V :: Seventies Folk
By Mark Abraham | 3 January 2007
I don’t have a whole lot to say by way of introduction this month, since I think the contextual history is pretty well known. Folk music had already been irrevocably altered in concept and form in the early and mid-sixties, first by Dylan and then by the Byrds and other folk rock groups. What’s surprising, I think, is just how far certain folk musicians took experimentation in the early seventies to move away even from folk rock, and how many of these albums, whether because of willful disregard for audience demands or all sorts of horribly handled marketing campaigns, have languished in that wasteland of "critical acclaim" but still seem to have little popular value.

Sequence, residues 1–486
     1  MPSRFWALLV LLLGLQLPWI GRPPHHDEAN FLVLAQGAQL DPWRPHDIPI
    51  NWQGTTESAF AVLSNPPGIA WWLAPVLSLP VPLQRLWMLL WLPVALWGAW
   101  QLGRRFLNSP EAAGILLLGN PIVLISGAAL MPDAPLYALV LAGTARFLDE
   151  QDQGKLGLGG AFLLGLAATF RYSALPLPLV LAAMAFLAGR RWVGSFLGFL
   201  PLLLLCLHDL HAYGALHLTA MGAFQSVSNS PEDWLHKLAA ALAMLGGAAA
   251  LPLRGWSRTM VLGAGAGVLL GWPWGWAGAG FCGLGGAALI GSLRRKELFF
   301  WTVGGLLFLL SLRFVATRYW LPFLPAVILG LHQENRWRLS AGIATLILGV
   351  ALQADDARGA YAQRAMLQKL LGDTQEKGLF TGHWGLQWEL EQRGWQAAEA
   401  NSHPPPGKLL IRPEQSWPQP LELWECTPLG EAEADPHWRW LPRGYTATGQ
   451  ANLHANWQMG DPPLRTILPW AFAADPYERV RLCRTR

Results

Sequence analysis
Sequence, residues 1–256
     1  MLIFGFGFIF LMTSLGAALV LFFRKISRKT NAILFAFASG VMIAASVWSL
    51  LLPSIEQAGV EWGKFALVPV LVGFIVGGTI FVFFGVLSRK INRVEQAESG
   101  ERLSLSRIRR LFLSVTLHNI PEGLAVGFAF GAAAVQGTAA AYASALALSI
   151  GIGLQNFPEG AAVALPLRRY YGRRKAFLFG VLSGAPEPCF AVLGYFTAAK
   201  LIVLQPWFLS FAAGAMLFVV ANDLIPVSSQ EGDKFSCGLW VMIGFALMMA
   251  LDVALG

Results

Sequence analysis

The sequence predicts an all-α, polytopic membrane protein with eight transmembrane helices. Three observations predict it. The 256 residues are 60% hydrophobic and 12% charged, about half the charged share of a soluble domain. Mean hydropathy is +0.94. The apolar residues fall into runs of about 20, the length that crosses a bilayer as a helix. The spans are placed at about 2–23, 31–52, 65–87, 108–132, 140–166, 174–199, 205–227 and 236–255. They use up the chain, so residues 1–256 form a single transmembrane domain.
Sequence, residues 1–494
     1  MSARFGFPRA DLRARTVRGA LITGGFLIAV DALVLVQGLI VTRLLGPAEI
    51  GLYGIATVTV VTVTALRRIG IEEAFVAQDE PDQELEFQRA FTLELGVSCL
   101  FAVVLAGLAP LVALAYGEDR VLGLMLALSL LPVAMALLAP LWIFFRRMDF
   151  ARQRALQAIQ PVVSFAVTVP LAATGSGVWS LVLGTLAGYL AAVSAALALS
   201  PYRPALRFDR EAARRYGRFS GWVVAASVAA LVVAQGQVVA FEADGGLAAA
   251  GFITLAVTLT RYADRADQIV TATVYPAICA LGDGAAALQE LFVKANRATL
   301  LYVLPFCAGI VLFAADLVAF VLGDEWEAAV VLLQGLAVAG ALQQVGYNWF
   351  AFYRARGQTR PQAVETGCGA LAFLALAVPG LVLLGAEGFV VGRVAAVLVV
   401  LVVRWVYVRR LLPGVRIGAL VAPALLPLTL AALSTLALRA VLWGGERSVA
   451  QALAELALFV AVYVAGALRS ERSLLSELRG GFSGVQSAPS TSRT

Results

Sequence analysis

Lately, more than any other genre, it’s sometimes it’s hard to keep up with new discoveries. A certain Banhart’s growing popularity (soundtracking horror films?) has caused a spate of obscure folk albums loosely associated with "freak" to be reissued in the last few years, but most of the ones new to me just don’t match the quality of the ones on the list (although, thankfully, the same push has caused most of the more rare ones here to be reissued as well. Except Starsailor. Somebody reissue Starsailor already). Most of the music here only loosely qualifies as "folk" insofar as what it sounds like, but you probably could have guessed that given my other tastes. I mean, Blood on the Tracks is all fine and good, but do we really need Dylan to define folk music in every decade? I say "snore," and while I’m well aware that’s a highly unpopular opinion, Comus would eat Bob for breakfast.